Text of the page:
Full Moon and Tides?

As a result of the whole Sandy thing, Discovery Channel Canada aired a special on the storm during their usual daily science program called Daily Planet. In general, Daily Planet is quite good but they made a major gaffe during part of their narration. When listing the factors that made Sandy such a dangerous storm, they included a line about the tides being higher due to the full moon. My first reaction to that was how could the portion of the lit lunar surface visible to the earth have anything to do with a gravitational phenomenon like tides?

It turns out that while there is something to the tides being higher during a full moon, it really isn’t anything to do with the fullness of the moon but rather the relative positioning of the sun, moon, and earth. In other words, the full moon is not the cause but rather an effect of the same alignment that causes higher than average high tides. The same effect also occurs during the new moon for the same reason.

This is, of course, not the only impact on the tides. Lunar perigee causes higher tides do to increased gravitational influence from the moon – lunar perigee being the closest approach of the moon to the earth during its orbit. If this happens to coincide with the timing of a full or new moon (when the earth, moon, and sun are all in a single line relative to each other), the two effects are cumulative leading to even higher tides.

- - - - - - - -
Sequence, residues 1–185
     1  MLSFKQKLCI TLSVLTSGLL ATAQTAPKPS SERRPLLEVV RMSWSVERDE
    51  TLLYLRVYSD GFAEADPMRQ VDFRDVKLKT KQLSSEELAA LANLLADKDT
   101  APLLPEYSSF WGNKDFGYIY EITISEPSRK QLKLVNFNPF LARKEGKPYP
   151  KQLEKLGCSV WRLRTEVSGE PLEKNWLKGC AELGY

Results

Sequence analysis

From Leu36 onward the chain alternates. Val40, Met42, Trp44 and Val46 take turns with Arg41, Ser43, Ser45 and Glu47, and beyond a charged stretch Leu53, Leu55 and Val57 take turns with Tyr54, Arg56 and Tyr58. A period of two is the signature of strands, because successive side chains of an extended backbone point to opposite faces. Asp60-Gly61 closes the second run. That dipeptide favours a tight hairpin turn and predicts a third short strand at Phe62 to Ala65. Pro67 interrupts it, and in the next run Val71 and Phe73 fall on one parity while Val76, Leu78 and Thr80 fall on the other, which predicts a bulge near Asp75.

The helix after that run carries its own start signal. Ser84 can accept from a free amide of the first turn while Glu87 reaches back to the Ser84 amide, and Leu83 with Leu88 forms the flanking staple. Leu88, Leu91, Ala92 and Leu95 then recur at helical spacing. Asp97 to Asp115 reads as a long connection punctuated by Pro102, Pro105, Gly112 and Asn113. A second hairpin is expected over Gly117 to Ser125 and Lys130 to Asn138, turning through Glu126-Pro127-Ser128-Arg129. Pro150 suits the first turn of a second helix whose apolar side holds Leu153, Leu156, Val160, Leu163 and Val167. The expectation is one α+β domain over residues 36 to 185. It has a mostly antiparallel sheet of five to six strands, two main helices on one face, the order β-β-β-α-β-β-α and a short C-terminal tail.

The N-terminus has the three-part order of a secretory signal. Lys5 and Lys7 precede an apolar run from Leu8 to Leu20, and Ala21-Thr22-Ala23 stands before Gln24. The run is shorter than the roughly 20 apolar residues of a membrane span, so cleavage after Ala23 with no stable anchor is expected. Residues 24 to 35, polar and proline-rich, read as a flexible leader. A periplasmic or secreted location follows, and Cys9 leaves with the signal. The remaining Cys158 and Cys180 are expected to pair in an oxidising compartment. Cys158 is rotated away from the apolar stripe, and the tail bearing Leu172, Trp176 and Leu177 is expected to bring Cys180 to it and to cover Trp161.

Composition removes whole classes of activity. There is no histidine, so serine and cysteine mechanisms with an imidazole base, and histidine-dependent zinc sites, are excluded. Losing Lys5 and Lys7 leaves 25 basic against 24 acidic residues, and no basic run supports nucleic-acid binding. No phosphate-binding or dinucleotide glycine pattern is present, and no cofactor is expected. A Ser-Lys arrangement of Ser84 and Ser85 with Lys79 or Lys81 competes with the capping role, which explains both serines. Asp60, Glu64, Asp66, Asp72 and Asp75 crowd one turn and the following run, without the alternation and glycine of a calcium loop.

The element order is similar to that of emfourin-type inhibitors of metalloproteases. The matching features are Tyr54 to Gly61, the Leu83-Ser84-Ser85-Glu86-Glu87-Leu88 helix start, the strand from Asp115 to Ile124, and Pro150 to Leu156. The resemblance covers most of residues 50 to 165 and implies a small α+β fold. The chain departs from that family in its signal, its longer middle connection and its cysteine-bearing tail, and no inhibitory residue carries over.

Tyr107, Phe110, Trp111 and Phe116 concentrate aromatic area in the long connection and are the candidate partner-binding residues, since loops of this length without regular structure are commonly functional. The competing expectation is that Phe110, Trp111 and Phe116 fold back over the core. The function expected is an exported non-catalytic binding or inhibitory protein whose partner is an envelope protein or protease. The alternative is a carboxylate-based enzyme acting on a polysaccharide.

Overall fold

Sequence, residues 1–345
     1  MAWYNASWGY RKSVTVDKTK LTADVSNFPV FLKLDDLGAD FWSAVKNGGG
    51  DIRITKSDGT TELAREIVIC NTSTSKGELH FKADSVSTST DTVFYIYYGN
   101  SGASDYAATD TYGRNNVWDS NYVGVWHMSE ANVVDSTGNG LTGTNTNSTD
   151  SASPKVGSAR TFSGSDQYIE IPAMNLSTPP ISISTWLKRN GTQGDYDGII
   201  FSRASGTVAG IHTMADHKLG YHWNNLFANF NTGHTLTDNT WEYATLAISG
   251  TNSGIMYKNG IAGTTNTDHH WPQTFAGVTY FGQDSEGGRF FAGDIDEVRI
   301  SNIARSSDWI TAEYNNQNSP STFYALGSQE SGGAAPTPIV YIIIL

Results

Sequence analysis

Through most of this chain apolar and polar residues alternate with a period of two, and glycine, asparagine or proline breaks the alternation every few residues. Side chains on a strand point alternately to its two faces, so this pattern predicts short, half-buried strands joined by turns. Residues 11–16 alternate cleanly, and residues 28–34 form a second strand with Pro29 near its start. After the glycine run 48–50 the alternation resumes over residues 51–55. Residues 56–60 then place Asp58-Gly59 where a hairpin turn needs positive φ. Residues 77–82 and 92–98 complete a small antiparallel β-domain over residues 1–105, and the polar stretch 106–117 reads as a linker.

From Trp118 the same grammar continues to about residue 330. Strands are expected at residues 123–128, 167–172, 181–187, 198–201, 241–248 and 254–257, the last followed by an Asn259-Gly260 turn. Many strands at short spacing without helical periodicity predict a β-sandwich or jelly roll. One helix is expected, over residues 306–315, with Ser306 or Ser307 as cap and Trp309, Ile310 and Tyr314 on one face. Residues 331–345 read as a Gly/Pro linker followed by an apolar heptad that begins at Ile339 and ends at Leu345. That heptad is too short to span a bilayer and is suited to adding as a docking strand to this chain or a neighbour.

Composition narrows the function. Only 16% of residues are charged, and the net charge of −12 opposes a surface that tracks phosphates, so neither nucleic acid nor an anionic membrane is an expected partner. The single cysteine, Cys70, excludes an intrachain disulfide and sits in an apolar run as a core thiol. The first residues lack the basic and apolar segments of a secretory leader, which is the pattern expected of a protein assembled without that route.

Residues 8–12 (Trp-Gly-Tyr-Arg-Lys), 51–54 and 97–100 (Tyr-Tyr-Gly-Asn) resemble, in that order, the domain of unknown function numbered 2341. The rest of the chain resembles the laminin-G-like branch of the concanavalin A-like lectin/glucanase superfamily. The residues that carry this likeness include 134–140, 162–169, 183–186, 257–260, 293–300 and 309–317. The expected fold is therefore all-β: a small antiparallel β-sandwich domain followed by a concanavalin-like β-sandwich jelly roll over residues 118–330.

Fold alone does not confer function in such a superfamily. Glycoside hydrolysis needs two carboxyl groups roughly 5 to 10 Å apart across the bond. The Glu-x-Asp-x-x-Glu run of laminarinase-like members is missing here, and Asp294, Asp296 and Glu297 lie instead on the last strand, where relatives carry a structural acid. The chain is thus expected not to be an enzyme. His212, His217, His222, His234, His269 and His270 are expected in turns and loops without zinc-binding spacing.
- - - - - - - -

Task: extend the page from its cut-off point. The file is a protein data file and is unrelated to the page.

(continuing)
None of this is terribly surprising and it is no doubt patently obvious to mariners and other folks who deal with tides on a daily basis. But to someone like me who has lived his entire life in the interior of a continent, it was not obvious and it took me some thinking to realize what the mechanism for the effect could be. Of course, now that I have worked out what that mechanism is, the effect is obvious. I haven’t worked out what the magnitude of the effect would be but now it is clear to me that there would be one.

It occurred to me to wonder why they didn’t include an aside comment about the tide effect being due to the alignment of the earth, moon, and sun. About four seconds of thought clued me in. This was not about the tides, but about the storm itself. Had they been discussing tides, no doubt it would have been accompanied by cool graphics depicting alignments and so on. Instead, the simplest reference for the alignment was to use the full moon since during the full moon, the alignment is necessarily there since the full moon is an effect of said alignment.

Apparently, it’s never too late to learn something new. And that is a wonderful thing.


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